To properly engage these questions, the underlying principles of the sacrament of matrimony must be grasped.  While marriage is one of the seven sacraments,[16] its natural basis, the natural marriage bond between man and woman, existed prior to man’s Fall as a “function of nature,” foreshadowing matrimony in the New Covenant,[17] in which it is both a natural bond and sacrament.[18]  In instituting marriage as a sacrament, Christ both perfected and elevated the natural bond, making it “an example of the mystical union between Himself and His Church,” coupling “heavenly love” to earthly love.[19]  As a sacrament, marriage fulfills the double purpose of all the sacraments:  It perfects man with respect to divine worship by being ordered to the preservation of both the physical and spiritual communities, and provides a “remedy against the defects caused by sin” by counteracting carnal concupiscence and population decrease resulting from death.[20]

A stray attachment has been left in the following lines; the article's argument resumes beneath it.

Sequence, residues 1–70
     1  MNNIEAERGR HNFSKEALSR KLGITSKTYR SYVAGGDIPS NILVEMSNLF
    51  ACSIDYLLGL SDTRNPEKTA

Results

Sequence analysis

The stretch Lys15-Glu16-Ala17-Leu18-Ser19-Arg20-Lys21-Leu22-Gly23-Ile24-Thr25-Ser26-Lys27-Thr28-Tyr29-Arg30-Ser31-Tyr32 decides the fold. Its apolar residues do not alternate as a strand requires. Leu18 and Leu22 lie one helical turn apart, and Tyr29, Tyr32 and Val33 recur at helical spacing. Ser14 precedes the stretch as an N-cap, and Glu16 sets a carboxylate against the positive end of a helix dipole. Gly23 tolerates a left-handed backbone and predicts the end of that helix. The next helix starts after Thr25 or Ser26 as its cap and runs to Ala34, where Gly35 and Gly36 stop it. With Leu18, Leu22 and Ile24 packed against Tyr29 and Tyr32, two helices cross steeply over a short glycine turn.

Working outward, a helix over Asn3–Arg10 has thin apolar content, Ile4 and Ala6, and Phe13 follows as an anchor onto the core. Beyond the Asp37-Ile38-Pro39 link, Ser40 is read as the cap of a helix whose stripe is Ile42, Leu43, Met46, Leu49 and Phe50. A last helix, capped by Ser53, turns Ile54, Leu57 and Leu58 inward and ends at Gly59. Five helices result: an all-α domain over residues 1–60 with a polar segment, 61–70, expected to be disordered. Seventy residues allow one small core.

Like all the sacraments, marriage’s essential sign consists of matter and form.  Matrimonial matter is the couple’s consent, as “consensus facit matrimonium.”[21]  Canon Law states, “A marriage is brought into being by the lawfully manifested consent of persons who are legally capable.”[22]  This consent cannot be manifested in words only but must be internal[23] and mutual because, as marriage is reciprocal, lack of proper consent on the part of one party invalidates marriage for both.[24]  The form is the words the man and woman use to express their consent.[25]  Because marriage is a contract as well as a covenant, consent must have been expressly stated.[26]  Once the marriage bond has been formed and consummated, it is indissoluble.  As Canon 1141 states, “A marriage which is ratified and consummated cannot be dissolved by any human power or by any cause other than death.”[27]